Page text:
Science fiction and fantasy

La Revolution

La Revolution: A Series For Our Time

15th May 2021

Some of the best shows say more about the times they're written in than the time they're supposed to be about. La Revolution, with its corrupt and greedy aristocracy lording it over the peasants, captures the zeitgeist of our 1% dominated times.

The story of this television series is a reimagined history of the French Revolution, which follows Albert and Joseph Guillotin as they uncover a disease that is driving the aristocracy to acts of murder. The aristocrats in this story are vicious, many of them filled with blue blood that makes them hungry for human flesh, and only cutting off their head will deal with them.

Joseph Guillotin (Amir El Kacem) is a doctor, but his older brother Albert (Lionel Erdogan) has been away for a long time and they don't speak. Then there's Elise de Montargis (Marilou Aussilloux), who is very protective of Madeleine (Amélia Lacquemant), who she claims as a sister but who isn't really. They are some of the more sympathetic nobles because they have a shred of empathy for their subjects.

Elise and Madeleine couldn't be further morally from Charles de Montargis (Laurent Lucas), or his son Donatien (Julien Frison). Charles is keen to put down the rebels at every turn, whilst concealing the disappearances of peasants that keep happening in the woods. While his father is ruthless and sneaky, his son is flamboyant, arrogant, and cruel, and doesn't bother to try to hide how evil he is.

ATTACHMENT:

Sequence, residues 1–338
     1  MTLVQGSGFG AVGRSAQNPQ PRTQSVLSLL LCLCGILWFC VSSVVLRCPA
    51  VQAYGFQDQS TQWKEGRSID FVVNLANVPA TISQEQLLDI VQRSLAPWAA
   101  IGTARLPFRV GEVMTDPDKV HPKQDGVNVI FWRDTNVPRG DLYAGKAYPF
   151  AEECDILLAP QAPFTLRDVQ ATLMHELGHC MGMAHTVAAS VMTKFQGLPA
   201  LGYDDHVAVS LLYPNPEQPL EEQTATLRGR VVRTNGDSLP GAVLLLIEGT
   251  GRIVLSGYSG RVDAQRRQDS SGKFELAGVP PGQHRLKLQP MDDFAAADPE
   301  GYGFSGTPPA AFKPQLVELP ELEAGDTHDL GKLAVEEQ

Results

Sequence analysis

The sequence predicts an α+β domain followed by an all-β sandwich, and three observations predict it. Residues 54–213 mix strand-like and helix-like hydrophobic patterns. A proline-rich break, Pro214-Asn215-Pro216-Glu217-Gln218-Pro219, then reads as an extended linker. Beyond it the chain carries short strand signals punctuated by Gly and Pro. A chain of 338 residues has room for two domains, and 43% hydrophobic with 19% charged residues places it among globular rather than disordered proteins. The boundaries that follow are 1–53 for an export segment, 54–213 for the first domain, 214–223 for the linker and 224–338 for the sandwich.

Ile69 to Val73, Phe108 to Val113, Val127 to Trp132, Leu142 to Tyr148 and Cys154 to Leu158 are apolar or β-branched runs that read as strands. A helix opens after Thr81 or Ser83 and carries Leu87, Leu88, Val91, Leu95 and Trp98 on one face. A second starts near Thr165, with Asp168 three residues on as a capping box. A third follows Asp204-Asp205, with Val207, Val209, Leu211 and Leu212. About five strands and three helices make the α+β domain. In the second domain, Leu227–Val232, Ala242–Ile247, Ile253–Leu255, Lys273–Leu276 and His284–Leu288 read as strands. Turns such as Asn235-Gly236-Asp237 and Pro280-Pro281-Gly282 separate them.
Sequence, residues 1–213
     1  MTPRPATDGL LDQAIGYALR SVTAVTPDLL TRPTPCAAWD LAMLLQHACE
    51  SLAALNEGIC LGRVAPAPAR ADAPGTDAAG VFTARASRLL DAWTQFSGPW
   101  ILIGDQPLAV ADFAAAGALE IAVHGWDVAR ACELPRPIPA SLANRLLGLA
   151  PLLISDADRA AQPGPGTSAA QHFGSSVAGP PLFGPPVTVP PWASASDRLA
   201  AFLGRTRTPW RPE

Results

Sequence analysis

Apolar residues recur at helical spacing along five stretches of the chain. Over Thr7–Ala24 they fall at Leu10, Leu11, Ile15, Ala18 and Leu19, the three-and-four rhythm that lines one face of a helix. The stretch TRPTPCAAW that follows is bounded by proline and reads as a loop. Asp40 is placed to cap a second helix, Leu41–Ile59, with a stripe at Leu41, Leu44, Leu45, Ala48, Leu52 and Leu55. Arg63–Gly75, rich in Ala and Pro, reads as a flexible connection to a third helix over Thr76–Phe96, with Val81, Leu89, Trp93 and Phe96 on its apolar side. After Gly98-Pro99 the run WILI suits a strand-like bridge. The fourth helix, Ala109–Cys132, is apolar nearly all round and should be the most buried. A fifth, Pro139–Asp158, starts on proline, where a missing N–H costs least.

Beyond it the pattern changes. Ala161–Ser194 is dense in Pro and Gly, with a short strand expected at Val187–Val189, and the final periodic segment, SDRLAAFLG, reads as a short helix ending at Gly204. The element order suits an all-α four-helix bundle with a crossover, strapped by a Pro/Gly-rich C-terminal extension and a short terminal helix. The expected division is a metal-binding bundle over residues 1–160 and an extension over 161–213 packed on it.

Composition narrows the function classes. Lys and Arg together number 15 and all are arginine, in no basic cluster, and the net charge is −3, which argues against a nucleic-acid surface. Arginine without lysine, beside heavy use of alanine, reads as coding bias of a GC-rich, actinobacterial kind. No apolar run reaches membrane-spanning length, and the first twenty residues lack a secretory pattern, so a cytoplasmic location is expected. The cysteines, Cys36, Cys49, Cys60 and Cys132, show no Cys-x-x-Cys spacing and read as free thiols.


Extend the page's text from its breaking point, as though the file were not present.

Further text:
This series is fun and dramatic, even though it's not exactly subtle in its condemnation of the rich and vacuous aristocrats. At every turn they have it coming: clueless at first, when they learn of the horrible plans of those who lead them they're often all too eager to go along with committing atrocities and acting as attackers when asked. The minor aristocrats in the story don't have much agency.

Marianne (Gaia Weiss) is one of the characters who does resist, and it's this tale of resistance, and of characters who break out of their appointed station in life to go against what is expected of those of their class, that makes this series compelling. That, and some frankly gorgeous sets and convincing acting. The family links between the characters make for some intriguing threads as the characters navigate ethical dilemmas about what to do as the conflict between aristocrats and everybody else grows increasingly vicious and bloody.

Eating the poor

The appetites of the nobility are insatiable, and the worst of them are out to eat those who don't share their social status. The central metaphor in La Revolution of the rich as monsters, is pretty blunt and uncompromising. It's hard to miss.

History paints the French aristocrats of this period in an unflattering light, to put it mildly. But this story takes that image and magnifies it. It's hard not to draw parallels between what's going on and modern France, where the protests of the gilets jaunes brought the class struggle between ordinary French people and an oppressive regime into prominence, and where the clashes between the gilets jaunes and the authorities were sometimes violent.

Resistance leader Marianne wears a face mask covering one eye. Several gilets jaunes have lost an eye, including one prominent member of the movement, Jérôme Rodrigues. Perhaps it's a coincidence, perhaps not?


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